In Brief

Artificial Intelligence Pens Next Installment of 'Game of Thrones' Novels

Artificial intelligence provides an offbeat perspective on what lies ahead for the characters of "Game of Thrones." (Image credit: HBO)

Avid fans of writer George R.R. Martin's fantasy epic "A Song of Ice and Fire" — brought to the screen in the HBO series "Game of Thrones" — are facing a bit of a wait before they can find out what happens next in Westeros. The TV series just concluded its seventh season, broadcasting the finale on Aug. 27, and the last novel was published in 2011, with no release date yet announced for the final tome.

But until the story officially resumes, perhaps artificial intelligence (AI) can hint at what's to come.

Software engineer and self-professed "Game of Thrones" fan Zach Thoutt has programmed AI to write an original "novel" using the characters from the Seven Kingdoms of Westeros, generating five chapters that follow the events of the first five novels and are available to read online, Vice's Motherboard reported. [5 Intriguing Uses for Artificial Intelligence (That Aren't Killer Robots)]

Thoutt worked with a recurrent neural network (RNN) — a computer program that processes data sequences, such as text, in a manner similar to how it's done in the human brain. For it to produce an original work that continued the "Game of Thrones" story, the RNN would need to learn from existing works in order to incorporate their details and mimic their style. At the same time, the RNN would need to "remember" how story arcs played out in previous books, so as not to reintroduce characters that had already died, Thoutt told Motherboard.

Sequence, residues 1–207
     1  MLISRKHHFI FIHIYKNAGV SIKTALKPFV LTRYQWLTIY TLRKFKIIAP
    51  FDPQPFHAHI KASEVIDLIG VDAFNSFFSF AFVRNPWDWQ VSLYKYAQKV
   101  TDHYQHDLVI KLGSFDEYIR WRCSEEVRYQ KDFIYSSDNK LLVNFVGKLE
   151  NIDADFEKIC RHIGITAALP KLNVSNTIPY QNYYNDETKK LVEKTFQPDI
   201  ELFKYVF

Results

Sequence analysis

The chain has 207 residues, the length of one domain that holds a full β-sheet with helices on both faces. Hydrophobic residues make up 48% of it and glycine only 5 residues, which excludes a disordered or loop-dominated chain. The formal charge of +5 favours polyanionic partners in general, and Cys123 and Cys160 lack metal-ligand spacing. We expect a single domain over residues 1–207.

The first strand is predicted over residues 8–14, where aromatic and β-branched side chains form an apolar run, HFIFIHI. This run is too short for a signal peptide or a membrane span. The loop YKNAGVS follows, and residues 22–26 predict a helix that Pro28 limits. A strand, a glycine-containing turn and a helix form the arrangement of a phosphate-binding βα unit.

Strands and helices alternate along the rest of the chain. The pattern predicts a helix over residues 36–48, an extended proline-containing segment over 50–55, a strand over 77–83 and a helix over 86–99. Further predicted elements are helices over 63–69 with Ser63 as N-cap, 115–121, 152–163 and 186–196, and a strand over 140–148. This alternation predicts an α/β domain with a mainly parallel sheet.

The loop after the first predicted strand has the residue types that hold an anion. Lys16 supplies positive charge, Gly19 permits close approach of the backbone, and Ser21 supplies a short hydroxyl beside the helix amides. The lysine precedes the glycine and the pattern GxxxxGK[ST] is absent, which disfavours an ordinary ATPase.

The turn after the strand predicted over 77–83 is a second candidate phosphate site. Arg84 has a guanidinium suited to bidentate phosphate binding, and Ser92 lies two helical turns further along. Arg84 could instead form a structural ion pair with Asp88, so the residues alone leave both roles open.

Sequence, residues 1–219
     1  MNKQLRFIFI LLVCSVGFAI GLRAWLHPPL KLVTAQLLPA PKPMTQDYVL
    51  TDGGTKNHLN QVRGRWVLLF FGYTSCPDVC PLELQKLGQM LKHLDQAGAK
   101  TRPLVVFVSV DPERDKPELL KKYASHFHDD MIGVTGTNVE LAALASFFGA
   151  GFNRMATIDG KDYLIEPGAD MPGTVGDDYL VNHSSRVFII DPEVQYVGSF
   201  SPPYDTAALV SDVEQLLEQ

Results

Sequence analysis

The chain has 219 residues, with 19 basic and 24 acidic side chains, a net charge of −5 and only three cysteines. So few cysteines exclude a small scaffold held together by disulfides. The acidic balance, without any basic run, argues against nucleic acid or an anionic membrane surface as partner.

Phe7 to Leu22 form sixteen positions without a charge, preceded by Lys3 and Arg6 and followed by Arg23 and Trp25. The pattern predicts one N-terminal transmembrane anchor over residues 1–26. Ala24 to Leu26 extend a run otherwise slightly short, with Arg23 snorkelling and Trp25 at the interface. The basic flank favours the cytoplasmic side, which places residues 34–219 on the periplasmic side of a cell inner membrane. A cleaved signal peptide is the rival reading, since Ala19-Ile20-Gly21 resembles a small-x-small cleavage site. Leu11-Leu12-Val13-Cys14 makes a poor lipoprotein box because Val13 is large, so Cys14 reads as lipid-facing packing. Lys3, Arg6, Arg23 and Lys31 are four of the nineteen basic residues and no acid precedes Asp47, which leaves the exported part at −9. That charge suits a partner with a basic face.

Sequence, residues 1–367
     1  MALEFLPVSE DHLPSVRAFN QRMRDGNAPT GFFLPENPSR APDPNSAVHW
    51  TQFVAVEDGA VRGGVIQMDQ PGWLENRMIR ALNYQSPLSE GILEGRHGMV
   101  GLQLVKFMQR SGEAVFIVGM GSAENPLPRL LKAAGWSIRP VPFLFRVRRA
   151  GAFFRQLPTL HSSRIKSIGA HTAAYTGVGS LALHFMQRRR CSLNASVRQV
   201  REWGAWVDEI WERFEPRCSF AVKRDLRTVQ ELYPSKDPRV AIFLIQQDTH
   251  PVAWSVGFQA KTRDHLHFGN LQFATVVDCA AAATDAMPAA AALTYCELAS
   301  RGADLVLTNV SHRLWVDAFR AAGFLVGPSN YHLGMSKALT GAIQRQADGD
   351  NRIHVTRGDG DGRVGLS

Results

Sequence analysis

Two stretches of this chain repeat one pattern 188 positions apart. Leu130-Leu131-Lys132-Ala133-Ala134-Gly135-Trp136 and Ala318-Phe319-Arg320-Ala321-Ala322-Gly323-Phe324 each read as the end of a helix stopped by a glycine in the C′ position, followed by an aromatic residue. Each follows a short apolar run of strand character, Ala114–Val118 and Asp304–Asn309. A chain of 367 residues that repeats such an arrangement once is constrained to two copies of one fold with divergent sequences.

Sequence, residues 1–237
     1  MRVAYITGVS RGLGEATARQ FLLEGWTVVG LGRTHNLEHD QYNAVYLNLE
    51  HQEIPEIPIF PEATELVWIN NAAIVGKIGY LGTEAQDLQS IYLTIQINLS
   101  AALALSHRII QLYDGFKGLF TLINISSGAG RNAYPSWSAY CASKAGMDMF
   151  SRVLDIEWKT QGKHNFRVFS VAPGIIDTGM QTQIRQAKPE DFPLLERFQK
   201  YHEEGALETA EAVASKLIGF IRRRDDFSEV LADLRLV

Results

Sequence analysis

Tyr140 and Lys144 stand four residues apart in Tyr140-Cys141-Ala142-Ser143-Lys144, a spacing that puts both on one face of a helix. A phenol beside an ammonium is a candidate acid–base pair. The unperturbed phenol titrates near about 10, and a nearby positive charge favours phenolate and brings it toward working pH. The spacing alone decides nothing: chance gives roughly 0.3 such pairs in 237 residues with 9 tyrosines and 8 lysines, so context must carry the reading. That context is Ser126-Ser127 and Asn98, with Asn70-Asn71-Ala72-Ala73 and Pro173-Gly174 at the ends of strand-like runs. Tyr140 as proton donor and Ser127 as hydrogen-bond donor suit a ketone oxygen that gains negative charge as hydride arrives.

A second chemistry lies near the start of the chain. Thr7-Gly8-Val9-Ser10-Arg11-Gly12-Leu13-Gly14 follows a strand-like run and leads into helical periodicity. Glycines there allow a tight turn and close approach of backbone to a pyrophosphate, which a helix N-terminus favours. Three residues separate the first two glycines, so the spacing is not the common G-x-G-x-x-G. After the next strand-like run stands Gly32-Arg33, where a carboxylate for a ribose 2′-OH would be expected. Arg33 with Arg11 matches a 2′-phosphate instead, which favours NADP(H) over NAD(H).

The RNN-generated results included intriguing — if awkwardly worded — plot twists, such as, "Varys poisoned Daenerys and another of the dead men," at the beginning of Chapter Three, and "Jaime killed Cersei and was cold and full of words, and Jon thought he was the wolf now," in Chapter Four.

"It makes a lot of mistakes because the technology to train a perfect text generator that can remember complex plots over millions of words doesn't exist yet," Thoutt said.

Clearly, AI is no replacement for Martin, but for now, this muddled "sequel" is the only game in town. The "Game of Thrones" series resumes production in October, and the eighth and final season may not be ready to air until 2019, Vanity Fair reported

The projected debut of the next book, "The Winds of Winter," is even murkier. Though Martin published an excerpt in May 2016 on his website — a chapter featuring Arianne Martell, a princess of Dorne — there is no official release date for the forthcoming novel, sparking frustration in fans that Martin acknowledged (but did not assuage) in a July 22 blog post.

"I know you all want to know about 'The Winds of Winter,'" Martin wrote. "I am still working on it, I am still months away (how many? good question), I still have good days and bad days, and that's all I care to say."

Original article on Live Science.

Mindy Weisberger
Live Science Contributor

Mindy Weisberger is an editor at Scholastic and a former Live Science channel editor and senior writer. She has reported on general science, covering climate change, paleontology, biology, and space. Mindy studied film at Columbia University; prior to Live Science she produced, wrote and directed media for the American Museum of Natural History in New York City. Her videos about dinosaurs, astrophysics, biodiversity and evolution appear in museums and science centers worldwide, earning awards such as the CINE Golden Eagle and the Communicator Award of Excellence. Her writing has also appeared in Scientific American, The Washington Post and How It Works Magazine.